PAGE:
Throughout our Western Civilization there is a crisis of marriage. Not enough marriages occur. Homosexual pseudo-marriage is causing (and reflecting) extreme moral confusion and devaluing real marriage. Many people marry later in life than is healthy for them and for their children. Many fewer babies are born per woman (married or not) than is healthy for our nation. And many children are no longer raised properly, that is, with a father to provide masculine order and authority and a mother at home most of the time to supervise the children.

So what can be done to make things better? And who’s at fault?

The basic answer to the less important question, the second question, is this. In the immediate sense, and with exceptions acknowledged, it’s more the fault of women than of men. Men, by nature, are always seeking relationships with women, but women do not always seek relationships with men. Therefore womankind is always the ultimate factor determining whether relationship occurs.

But in a broader sense, marriage is in crisis because our entire society is in crisis. America is not a basically healthy nation in which, for some mysterious reason, marriage is failing. No, American society is fundamentally and radically disordered, and one manifestation of this disorder is that marriage is generally no longer done correctly, or even adequately. The proper way to do marriage is rarely taught, and when it is, the teaching is often rejected. Continue reading

Sacraments: A Simple Explanation for Children

Well, for young people, anyway. In what follows, I visualized my daughter at about age 16.

Daughter:       Daddy? Can I ask you a question?

Father:            Sure, sweetie pea. What is it?

Daughter:       Well, you know the Baptism at Church this morning?

Father:            Yeah. That was a cute baby. Too bad about his mother’s dress. Good thing that baby spit up is such good clean stuff; it almost always comes out pretty well.

Daughter:       Yeah. I thought she handled it fairly well. I like Baptisms. Something always goes wrong, but they always turn out well in the end. They make everyone in the congregation so happy. And it’s not just because people like babies, although that’s part of it. I mean, it’s that plus the fact that they are always a bit spooky, even when the baby cries or the godparents don’t get the words right. Especially the bit about the baby joining in Christ’s eternal priesthood.

Father:            I love that part! It’s always so amazing to me; as if I can see a whole everlasting adventure, a mighty kingship in Heaven, exploding out into the future from such a tiny little body, with no end or limit. And it always reminds me of my own eternal priesthood, too.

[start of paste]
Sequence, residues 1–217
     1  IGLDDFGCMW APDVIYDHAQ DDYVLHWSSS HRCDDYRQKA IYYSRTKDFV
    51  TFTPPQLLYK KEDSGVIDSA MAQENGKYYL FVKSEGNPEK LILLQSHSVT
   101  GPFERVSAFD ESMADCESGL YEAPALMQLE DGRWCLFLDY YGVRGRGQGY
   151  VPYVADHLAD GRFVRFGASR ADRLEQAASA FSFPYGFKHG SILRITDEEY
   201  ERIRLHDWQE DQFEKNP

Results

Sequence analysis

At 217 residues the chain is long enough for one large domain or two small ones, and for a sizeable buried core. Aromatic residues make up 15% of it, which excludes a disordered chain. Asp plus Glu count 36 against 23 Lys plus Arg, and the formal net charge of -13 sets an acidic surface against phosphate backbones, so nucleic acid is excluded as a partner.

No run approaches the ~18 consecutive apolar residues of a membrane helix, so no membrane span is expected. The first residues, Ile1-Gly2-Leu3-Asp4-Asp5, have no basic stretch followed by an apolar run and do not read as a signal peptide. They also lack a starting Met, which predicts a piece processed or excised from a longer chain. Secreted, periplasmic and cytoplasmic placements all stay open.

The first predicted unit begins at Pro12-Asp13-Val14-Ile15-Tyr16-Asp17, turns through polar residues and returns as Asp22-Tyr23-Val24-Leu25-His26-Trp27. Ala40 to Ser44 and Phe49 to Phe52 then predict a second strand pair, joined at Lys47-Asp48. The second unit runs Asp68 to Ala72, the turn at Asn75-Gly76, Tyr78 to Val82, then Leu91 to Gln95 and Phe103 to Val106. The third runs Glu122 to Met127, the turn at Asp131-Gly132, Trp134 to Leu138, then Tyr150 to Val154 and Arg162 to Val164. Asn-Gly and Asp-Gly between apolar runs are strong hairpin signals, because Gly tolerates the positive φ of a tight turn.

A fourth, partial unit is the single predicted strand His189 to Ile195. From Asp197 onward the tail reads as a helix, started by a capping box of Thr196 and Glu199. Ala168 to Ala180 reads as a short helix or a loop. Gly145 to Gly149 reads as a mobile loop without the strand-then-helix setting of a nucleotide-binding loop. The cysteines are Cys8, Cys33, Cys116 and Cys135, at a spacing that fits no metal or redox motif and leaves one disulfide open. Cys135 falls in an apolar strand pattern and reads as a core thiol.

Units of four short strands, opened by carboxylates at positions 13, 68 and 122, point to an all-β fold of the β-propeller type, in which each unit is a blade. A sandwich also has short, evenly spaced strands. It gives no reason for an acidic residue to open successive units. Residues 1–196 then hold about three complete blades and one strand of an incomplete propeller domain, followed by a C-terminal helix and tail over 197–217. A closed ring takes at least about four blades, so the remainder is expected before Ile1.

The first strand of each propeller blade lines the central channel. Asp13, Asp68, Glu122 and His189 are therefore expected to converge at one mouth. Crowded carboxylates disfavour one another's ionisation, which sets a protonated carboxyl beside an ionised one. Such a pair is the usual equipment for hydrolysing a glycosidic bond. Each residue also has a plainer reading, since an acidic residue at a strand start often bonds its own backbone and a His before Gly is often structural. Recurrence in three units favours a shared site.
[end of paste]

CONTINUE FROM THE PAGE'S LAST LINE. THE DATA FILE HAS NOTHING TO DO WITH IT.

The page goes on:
Daughter:       Well, that’s what I wanted to ask you about.

Father:            What do you mean?

Daughter:       Well, how does the Baptism work? I mean, how do the water and the words make me a priestess? How do they change me, or make me immortal? I mean, I don’t even remember my Baptism.

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Why all the Self-Esteem Talk?

My area of the country has an FM music station that advertises itself as “family-friendly.” It plays nothing but the latest Christian rock songs and although it has no commercials, it intersperses the music with vaguely Christianoid happy talk. Apparently it is sponsored by a consortium of Evangelical churches. The rest of my family enjoys it to a certain extent, so I have no choice but to listen from time to time.

One day, I heard one of their station breaks say approximately the following:

Children love it when their parents tell them how great they are! Call us and record an affirmation of your child that we can broadcast, and don’t forget to build up your child today by telling him how great he is!

Certainly it is good to commend your child for a job well done. And parents should generally be positive toward their children. But there is no mention here of waiting for the child to do something praiseworthy. Just tell them they’re great, out of the blue.

Typical postmodern drivel, but it caused me to consider why self-esteem has caught on as one of the important concepts of our age. I think one reason is that modern life is officially nihilistic—albeit nihilism with a happy face painted on it—and naturally children respond with despair, at least when they grow old enough to notice the nihilism. Continue reading

Sex Matters

The modern instinct is to treat sex as a private matter that is of no real consequence to the body politic, and thus no legitimate concern of the sovereign, or of the public. Against this conservatives argue that sex has all sorts of important consequences for the health and welfare of the body politic, whether demographic, epidemiological, economic, pedagogical, or cultural, so that sexual morality matters to the polis a very great deal, and is therefore a fit concern both of the sovereign and the people.

These sorts of pragmatic objections to liberal social and sexual mores do tell, of course, and heavily. But they don’t begin to get at the immense importance of sex in the long run – the really, really long run, under which the whole history of the universe is like an evening gone.

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World without Men: A Novel of Totalitarian Lesbiocracy

When I teach my course on science fiction at SUNY Oswego, I concentrate on classic texts of the highest literary merit – those by Edgar Allan Poe, H. G. Wells, Olaf Stapledon, and Ray Bradbury.  When I pursue my lifelong hobby I am less selective.  When I discover an unknown paperback title in a second hand bookshop, I frankly judge the item by its cover while where content is concerned I hope for the best.  Most of the mouldering paperbacks fall short of memorability.  Occasionally, however, a jewel appears among the rubble, a short story or novel more or less forgotten that, for one reason or another, merits contemporary re-visitation.  One such, which I encountered again three or four years ago after a lapse of decades, is Charles Eric Maine’s World Without Men (1958), a novel about the long-term implications of birth control, abortion, and the so-called sexual revolution that treats these matters in a bold and prescient way.